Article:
GOP Senators Hammer Merrick Garland Over Schools Memo, AG Stands Firm

Attorney General Merrick Garland faced intense questioning from Republican U.S. Senators at the Capitol on Wednesday over a recent memo that he sent regarding violent threats against school officials.

"Normally, things like this against state and local officials involving state and local government entities like school board are not federal," Senator Mike Lee, a Utah Republican, told Garland during a Senate Judiciary Committee hearing on oversight of the Department of Justice on Wednesday. "Not every outburst or expression of concern by neighbors among neighbors at a local school board meeting warrants a federal investigation."

In the memo earlier this month, Garland directed the Federal Bureau of Investigations and U.S. Attorneys' Offices to meet with federal, state, Tribal, territorial and local law enforcement leaders to discuss strategies for addressing what he called a "disturbing spike" of harassment, intimidation and threats of violence.

"I think all of us have seen reports of violence and threats of violence. That is what the Justice Department is concerned about," Garland told the Senate panel Wednesday.

But Republicans have consistently hammered Garland on the memo, accusing him of attempting to treat concerned parents as domestic terrorists.

"This kind of looks like something that would come out of some communist country," Senator Chuck Grassley, an Iowa Republican, told Garland.

He also went on to question whether the FBI could be keeping a database of parents who've been reported—an insinuation Garland rejected.

"What is the department doing with tips it receives on this dedicated line and what are you doing with those parents who have been reported?" Grassley asked.

Garland's memo doesn't mention domestic terrorism or parents and, instead, directly references "illegal" threats and harassment. It doesn't propose any direct action other than coordinating or sharing information on addressing the trend and said that the FBI would "announce a series of measures designed to address the rise in criminal conduct directed toward school personnel."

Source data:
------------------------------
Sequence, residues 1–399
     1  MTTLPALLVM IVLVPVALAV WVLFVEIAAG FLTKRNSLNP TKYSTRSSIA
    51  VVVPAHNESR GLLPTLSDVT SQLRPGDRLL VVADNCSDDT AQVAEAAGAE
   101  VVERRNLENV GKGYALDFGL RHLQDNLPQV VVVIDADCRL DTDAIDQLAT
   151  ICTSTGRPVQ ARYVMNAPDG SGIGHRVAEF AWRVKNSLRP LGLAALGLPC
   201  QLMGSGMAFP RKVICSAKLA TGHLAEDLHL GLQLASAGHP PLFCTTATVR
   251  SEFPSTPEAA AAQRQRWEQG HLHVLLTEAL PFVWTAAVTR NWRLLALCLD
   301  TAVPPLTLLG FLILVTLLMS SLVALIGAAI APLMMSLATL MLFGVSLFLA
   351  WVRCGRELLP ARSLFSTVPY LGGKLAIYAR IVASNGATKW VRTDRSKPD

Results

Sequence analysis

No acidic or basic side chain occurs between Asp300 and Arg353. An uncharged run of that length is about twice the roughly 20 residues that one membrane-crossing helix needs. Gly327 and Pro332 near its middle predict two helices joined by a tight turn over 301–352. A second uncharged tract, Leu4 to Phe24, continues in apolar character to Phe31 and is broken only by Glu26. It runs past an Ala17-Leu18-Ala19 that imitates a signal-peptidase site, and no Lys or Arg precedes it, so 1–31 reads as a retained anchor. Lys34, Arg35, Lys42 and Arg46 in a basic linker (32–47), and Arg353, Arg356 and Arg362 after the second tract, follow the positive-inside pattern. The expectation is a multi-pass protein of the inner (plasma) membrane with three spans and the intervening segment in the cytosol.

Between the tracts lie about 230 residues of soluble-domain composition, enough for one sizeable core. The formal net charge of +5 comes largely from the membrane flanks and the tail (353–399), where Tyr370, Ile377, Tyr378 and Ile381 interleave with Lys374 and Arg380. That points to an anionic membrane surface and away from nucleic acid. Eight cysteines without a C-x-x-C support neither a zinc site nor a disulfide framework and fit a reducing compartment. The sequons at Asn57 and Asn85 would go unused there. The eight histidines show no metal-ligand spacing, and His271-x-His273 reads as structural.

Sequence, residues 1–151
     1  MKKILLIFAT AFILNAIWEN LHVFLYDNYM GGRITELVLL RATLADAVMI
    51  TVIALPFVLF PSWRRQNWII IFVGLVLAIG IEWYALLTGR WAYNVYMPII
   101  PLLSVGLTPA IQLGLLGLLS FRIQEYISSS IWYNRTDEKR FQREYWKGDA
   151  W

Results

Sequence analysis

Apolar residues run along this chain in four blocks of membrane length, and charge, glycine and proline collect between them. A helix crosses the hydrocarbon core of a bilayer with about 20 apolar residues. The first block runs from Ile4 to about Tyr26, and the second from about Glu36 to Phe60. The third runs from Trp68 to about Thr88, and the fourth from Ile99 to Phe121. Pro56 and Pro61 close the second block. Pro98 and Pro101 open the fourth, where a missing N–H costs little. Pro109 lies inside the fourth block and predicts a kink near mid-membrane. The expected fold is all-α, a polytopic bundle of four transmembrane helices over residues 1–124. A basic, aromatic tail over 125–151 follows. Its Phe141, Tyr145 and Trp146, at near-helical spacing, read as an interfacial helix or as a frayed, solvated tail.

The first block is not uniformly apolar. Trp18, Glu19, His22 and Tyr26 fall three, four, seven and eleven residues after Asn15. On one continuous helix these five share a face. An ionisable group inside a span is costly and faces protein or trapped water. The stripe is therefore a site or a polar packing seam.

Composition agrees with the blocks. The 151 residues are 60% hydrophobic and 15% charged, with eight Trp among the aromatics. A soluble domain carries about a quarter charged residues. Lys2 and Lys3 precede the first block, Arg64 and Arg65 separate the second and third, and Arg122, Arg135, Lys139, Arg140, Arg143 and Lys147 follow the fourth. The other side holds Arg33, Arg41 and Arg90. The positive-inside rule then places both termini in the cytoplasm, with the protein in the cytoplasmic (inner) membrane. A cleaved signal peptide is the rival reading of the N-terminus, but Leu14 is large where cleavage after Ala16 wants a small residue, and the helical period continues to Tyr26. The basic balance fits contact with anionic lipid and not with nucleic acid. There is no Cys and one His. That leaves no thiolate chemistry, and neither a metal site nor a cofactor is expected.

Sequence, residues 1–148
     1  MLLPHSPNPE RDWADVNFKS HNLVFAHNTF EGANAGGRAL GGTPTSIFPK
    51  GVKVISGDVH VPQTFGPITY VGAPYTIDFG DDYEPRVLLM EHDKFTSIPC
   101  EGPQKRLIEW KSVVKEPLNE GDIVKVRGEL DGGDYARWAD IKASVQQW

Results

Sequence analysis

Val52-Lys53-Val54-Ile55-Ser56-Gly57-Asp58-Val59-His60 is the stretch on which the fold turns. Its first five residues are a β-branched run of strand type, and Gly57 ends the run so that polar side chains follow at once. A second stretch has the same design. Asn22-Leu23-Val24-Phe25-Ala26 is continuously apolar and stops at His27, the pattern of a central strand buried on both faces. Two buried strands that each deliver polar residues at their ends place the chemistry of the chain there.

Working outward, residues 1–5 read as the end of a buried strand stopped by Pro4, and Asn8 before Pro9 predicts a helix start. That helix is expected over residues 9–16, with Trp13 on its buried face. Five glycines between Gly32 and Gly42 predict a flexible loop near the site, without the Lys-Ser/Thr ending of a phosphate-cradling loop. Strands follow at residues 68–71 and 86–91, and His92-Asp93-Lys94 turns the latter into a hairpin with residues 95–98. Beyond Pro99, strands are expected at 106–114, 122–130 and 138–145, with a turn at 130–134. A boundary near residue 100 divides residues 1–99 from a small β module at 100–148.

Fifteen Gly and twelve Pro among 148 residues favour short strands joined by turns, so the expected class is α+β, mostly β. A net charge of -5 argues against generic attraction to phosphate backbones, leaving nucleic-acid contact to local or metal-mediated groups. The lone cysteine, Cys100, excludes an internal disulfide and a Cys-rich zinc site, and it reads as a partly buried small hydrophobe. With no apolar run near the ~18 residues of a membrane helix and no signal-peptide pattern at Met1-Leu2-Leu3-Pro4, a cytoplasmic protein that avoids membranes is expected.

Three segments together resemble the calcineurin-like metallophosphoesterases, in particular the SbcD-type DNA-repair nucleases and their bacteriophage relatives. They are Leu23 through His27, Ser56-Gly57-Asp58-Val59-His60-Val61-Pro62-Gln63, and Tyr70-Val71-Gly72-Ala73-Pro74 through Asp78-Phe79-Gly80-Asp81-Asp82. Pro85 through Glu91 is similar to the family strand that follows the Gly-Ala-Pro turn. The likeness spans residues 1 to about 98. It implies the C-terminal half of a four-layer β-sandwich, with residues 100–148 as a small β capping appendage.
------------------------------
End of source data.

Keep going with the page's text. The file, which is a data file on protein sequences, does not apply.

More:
"It makes absolutely clear, in the in the first paragraph, that spirited debate about policy matters is protected under our Constitution," Garland said. "That includes debate by parents criticizing school boards."

Fueled by anger over mask and vaccine mandates meant to curb the spread of the coronavirus pandemic, as well as GOP-led concerns over mostly history curriculum, videos have shown parents across the country packing school board meetings to speak out. In some cases, meetings have been cut short or had attendance restrictions because of unruly demonstrations.

The memo has been used in a campaign ad in the upcoming Virginia governor's race, accusing Democrats of trying to silence parents. Several Republican state attorneys general have also pushed back on the Justice Department's memo.

The National School Boards Association had penned a letter to President Joe Biden last month requesting "federal law enforcement and other assistance to deal with the growing number of threats of violence and acts of intimidation occurring across the nation." The group has since walked back that position after facing backlash.

Merrick Garland Testifies At US Capitol
Several GOP Senators grilled U.S. Attorney General Merrick Garland over a memo addressing violence at school board meetings. Garland testifies at a Senate Judiciary Committee hearing on "Oversight of the United States Department of Justice," on Capitol Hill in Washington, D.C. October 27. TASOS KATOPODIS / POOL / AFP/Getty Images